A social media campaign aims to bridge gaps between communities by urging people to visit ‘people unlike us’
As Zahida Shabnam, a history professor and a television anchor, stepped into one of the ghettoes of the Gadiya Lohar community in Jaipur on a sunny Saturday recently, the women there did not seem too keen to let her mingle with them. In her blue cotton kurti, Shabnam seemed to typify to them an NGO worker. Prejudice raised its hood in minds of the women of the nomadic tribe, in their colourful ghaghras and vibrant Rajasthani ornaments.
“They were not too happy about the local NGO workers they were familiar with,” says Shabnam. These workers would just click pictures, make promises, but never return to do any real work, they complained to her when the ice was broken. For that to happen, Shabnam had to tell them that she was there to actually understand the lives of the Gadiya Lohars, to know the community and its culture better. On the spot she found hersef invited to a Gadiya Lohar wedding that was taking place the same day. The women gave her a black and golden ghaghra and some of their lighter ornaments.
Shabnam says she never imagined it would happen, but found herself joining the women in their traditional dance, with which the baraat begins. “In their community, women do not accompany the baraat, but the men asked me to join them if I wished. It was such a big gesture on their part. I did not go, as I didn’t have enough time. I stayed with the women instead, and helped them cook lunch, and mingled with their children,” she says. By the time she was leaving, such a good bond had been formed with them that the farewell was an emotional affair.
Zahida Shabnam was one of the several participants of social activist Shabnam Hashmi’s anti-segregation campaign, called ‘Mere Ghar Aa Ke Toh Dekho (Come, visit my home)’. The three-day campaign that kicked off on July 20 was launched to challenge preconceived notions about people belonging to another community, class, caste, religion, sexual orientation, language or region. Much like the theme of a recent TV commercial of a tea brand – in which the distance between the two neighbours of different faiths is shown being reduced by an invitation to tea – the campaign focused on reducing the distance between people from different backgrounds. Although the campaign was mostly propagated via social media, it received response from 18 states, including Gujarat, Maharashtra, Andhra Pradesh, Bihar, Uttar Pradesh and Jammu and Kashmir. Hashmi had urged people to meet at least one family from a different community so that they would understand it better. They were asked to videograph the visit or shoot pictures as a takeaway of their experience. A number of such videos have been uploaded on the Facebook page of the campaign.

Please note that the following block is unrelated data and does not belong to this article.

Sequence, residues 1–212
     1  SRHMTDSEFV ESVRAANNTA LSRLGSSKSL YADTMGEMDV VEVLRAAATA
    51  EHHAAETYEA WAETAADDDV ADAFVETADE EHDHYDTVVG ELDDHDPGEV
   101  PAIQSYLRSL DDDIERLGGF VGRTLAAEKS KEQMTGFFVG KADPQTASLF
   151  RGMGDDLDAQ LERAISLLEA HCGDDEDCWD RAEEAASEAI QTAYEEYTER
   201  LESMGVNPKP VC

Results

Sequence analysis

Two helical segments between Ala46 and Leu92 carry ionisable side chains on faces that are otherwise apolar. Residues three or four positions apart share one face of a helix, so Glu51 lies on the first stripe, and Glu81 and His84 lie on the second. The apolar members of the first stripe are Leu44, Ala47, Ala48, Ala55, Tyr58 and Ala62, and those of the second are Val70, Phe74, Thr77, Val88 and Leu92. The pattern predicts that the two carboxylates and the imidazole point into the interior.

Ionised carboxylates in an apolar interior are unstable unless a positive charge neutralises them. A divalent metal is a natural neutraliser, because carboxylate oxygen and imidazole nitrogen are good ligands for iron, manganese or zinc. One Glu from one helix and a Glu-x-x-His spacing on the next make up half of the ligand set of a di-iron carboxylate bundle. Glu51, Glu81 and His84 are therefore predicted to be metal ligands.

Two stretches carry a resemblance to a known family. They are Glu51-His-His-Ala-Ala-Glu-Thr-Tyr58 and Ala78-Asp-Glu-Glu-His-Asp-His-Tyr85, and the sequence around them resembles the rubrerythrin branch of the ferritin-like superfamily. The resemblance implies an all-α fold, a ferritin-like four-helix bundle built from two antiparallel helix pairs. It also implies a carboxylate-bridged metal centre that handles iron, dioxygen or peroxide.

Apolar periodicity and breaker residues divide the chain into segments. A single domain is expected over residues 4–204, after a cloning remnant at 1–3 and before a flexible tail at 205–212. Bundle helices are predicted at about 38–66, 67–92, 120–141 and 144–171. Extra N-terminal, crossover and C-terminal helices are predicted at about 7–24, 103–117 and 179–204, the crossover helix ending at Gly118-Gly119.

Zahida Shabnam has a few takeaways from her visit. She told Governance Now her religion did not have any role to play during her visit to the nomadic community’s basti. “There was no reluctance or inhibition from either side once we started talking,” she says. “They were open people. I also got to see that there is a significant change in their thinking as well. Having been traditionally nomadic, they want to settle down now. They want to progress.” She says most children of the community attend school and are quite smart. Though it was the mukhiya’s son’s wedding that day, none of the children wanted to skip school. “I was positively surprised,” she says. “I asked one of the children to stay back and spend some time with me, but he left anyway.” The history professor says the visit helped shape her perception of the community.
According to Hashmi, the root of prejudice and bias is segregation. The idea of the campaign came up because she was perturbed by the hatred and violence perpetrated across the country. “I have extensively worked in Gujarat, and there, there are areas and there are borders. On one side there are Hindus, and on the other side, there are Muslims. This ghettoisation of both the communities is happening everywhere,” she says. However, through the campaign, an attempt has been made to reverse it.